You are welcome to do with this as you like (modify, republish, whatever).  To make it official:

Hardware rights: I hereby grant everyone and everything in the universe permission to use and modify this hardware design for any purpose whatsoever. In exchange, you agree not to sue me about it. I make no promises. By using the design you agree that if you’re unhappy the most I owe you is what you paid me (zip, zero, nothing, nada). That seems fair.

I do ask that you credit this site ( and post as the source, just as a courtesy; but you don’t have to.

Eventually (maybe this winter), I hope to do a new spin that will run off a single LiIon cell (instead of 2 in series, as now), and that will provide a cleaner power supply to the pressure sensor and ADC; noise on the power supply is the main source of noise in the pressure sensor readings (as far as I can tell so far).  But this version works quite well as it is.

For more info about the board, leave a comment and/or see my earlier posts:

Rocket telemetry system (September 2011)

Update on latest Rev 4.2.1 PCB, tips and status (August 2011)

New Rev 4 hardware based on the PIC32 (December 2010)

Rev3 rocket electronics part 1: Hardware (December 2009)

First flights of rocket glider

Saturday 2011-10-22 saw the first three flights of the rocket glider.

(Most of this post is adapted from this thread where there are more details.)

Only one of the flights was really good, but we learned a lot from all 3; and the glider is in good shape.

Boris and I decided to name it the “Autonomy”. Our goal for the day was to get some flight information about the proper pitch setting for a nice stable glide.

There is still a lot of data analysis to be done, but you can look at the videos below. The whistling noise on the audio track is a good indication of relative airspeed, I think.

Flight 1 – Roadrunner G80 (115 N·s)

Video from the ground:

Video from the on-board camera (looking out the bottom of the glider):

Immediately after apogee the glider went into a sharp roll to the left. This was because I forgot to turn off the navigation system, which hasn’t yet been calibrated for the roll sensitivity of the glider. It commanded left yaw and put it into the roll. While spinning it lost lift and dived toward the ground.

The parachute deployed at 200 feet AGL as planned. No damage other than a very tiny zipper (similar to the one on Friday).

Flight 2 – CTI/AMW H54 White Longburn (168 N·s)

This was our best flight of the day. I remembered to turn off the navigation system.

Video from the ground:

And from the on-board camera:

The glider arcs over a little prematurely. Looking at the video, I think this is because the “straight” boost position for the elevons actually is slightly pitch-up, so the glider tends to arc up (toward the rudder) during boost.

I think we can reduce this in future flights by (a) adjusting the boost position a little bit pitch-down, and (b) adding a little bit of yaw command to the boost position to induce a slow roll during boost to even out any pitch-up/pitch-down tendency.

By chance the glider was right-side-up at apogee, and the transition of the elevon position from straight (for boost) to the glide position is very clear in the video. When the elevons go to glide position the glider does an Immelmann turn (due to the high airspeed at apogee – this was a pure accident) and then settles into a steady glide.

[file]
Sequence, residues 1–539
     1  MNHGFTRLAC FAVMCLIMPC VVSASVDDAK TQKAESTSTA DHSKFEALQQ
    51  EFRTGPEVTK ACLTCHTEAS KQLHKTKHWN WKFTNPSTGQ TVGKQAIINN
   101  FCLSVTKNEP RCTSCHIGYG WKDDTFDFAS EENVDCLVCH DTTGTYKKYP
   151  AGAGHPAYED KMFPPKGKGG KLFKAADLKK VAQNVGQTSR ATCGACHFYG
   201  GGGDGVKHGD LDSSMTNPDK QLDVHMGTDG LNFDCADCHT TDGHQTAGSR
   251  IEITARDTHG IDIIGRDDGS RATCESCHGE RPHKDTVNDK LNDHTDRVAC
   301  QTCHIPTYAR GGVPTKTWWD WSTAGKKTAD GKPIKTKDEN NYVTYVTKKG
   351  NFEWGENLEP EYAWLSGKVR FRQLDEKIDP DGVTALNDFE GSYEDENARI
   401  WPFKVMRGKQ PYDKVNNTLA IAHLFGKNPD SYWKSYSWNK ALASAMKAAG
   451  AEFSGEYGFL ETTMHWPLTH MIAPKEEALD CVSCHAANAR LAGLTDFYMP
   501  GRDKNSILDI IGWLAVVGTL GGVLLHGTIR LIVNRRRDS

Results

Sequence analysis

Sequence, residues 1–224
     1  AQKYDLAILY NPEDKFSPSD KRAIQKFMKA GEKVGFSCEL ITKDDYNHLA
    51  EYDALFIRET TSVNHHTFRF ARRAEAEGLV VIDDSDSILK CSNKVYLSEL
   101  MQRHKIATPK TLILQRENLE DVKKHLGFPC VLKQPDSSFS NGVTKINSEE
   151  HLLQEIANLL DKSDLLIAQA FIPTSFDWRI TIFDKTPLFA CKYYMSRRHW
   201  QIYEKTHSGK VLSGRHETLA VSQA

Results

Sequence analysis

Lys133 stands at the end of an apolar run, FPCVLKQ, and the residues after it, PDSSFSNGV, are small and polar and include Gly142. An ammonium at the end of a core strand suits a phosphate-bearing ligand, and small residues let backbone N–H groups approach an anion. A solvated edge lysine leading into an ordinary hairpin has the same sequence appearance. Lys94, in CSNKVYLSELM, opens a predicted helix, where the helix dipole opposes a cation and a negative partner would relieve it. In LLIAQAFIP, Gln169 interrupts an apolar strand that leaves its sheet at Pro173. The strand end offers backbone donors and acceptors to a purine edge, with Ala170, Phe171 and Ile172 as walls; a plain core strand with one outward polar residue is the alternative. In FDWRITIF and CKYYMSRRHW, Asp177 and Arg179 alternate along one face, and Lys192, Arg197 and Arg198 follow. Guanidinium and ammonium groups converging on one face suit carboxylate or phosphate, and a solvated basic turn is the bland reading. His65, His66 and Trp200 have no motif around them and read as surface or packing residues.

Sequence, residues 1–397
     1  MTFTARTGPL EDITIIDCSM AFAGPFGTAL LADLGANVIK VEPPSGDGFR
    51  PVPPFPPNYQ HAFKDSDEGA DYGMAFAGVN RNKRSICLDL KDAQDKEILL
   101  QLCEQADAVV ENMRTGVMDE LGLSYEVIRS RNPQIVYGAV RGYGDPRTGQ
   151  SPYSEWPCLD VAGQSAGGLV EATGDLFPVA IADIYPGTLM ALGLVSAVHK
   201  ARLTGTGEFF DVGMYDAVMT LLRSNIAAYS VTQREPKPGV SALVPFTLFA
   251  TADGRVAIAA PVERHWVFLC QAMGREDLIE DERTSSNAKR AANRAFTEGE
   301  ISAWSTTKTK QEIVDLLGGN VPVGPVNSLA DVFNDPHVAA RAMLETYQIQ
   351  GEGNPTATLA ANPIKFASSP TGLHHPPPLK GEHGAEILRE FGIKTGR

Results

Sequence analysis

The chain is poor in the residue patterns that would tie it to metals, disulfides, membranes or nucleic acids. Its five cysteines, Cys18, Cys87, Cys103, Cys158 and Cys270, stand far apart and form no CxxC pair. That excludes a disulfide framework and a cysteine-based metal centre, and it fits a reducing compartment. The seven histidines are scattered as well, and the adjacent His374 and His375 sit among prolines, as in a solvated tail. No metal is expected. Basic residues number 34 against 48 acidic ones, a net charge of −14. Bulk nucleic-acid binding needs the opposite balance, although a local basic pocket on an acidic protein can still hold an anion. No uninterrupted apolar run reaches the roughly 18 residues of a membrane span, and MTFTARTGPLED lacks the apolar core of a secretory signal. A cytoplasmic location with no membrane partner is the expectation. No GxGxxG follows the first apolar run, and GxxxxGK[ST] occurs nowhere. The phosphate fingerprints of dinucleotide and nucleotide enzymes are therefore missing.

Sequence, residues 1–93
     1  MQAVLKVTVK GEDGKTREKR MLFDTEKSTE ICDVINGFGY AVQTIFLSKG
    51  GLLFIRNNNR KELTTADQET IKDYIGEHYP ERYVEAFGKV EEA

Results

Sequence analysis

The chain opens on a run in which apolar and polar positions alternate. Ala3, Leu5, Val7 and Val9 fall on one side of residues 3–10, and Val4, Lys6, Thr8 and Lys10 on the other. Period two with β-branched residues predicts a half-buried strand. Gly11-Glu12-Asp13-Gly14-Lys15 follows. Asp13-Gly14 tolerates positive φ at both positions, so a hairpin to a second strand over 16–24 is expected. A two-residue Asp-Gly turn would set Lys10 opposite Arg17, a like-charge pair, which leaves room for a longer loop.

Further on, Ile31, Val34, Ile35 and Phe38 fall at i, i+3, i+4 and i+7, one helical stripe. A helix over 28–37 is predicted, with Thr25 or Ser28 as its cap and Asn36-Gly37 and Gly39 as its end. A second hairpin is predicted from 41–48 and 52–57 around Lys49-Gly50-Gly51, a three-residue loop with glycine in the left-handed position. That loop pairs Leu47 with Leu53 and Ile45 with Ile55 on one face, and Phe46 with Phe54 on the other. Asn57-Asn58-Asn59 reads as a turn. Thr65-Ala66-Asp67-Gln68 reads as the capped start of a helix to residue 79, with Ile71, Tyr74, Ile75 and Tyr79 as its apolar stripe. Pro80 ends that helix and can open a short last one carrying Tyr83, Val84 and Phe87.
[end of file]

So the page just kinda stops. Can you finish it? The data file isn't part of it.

The really good news here is the glider does seem to be self-stabilizing due to the dihedral; regardless of what attitude it was in at apogee, if left alone it seems to settle into a stable glide.

During the glide, Boris was manually adjusting the pitch setting via the telemetry system. The effects of this aren’t too obvious in the video, but I’m hoping to learn more when I look at the logged data (servo position vs. climb rate, airspeed, etc.).

Three seconds prior to parachute ejection, as planned the elevons go full-up to induce a flare for airspeed reduction. This is hard to see from the ground video, but the pitch change is pretty clear from the on-board video.

I plan to look carefully at the GPS data from this flight (also correlating that with the two video streams). I hope to get a sense of the forward airspeed of the glider (at various pitch settings), whether or not we have enough control authority to do a full-stall flare (and how long it takes to do that), sink rate, etc.

Flight 3 – CTI/AMW H100 Imax (286 N·s)

On the last flight of the day we tried a somewhat larger motor, aiming to get more glide time and a chance to try manual yaw control.

This time I worked the radio controls (probably a mistake) and Boris ran the camera.

Ground video:

On-board video:

Again you can see the glider pitching up during boost, causing a premature arc-over and too high an airspeed at apogee. It’s more pronounced here than in the prior 2 flights.

It’s hard to tell from the ground video (Boris, you need to zoom in more!), but you can see that at about 0:13 on the on-board video, as soon as I switched on the manual yaw control, I massively over-controlled it and the glider went into a sharp left roll, and dived that way toward the ground, much like in flight 1.

Clearly the glider is VERY sensitive in roll (as predicted by some posters here).

On flights 1 and 3 (the bad ones), the parachute ejection was triggered by the failsafe “TimeToImpact” calculation, well above the 200 foot (60 m) deployment altitude. The rocket decided it was less than 4 seconds from impact while descending at > 30 MPH (13 m/s actually) so it popped the chute, despite still being well above the deployment altitude.

Only on flight 2 (the good one) did the 200′ altitude trigger a flare and then deployment.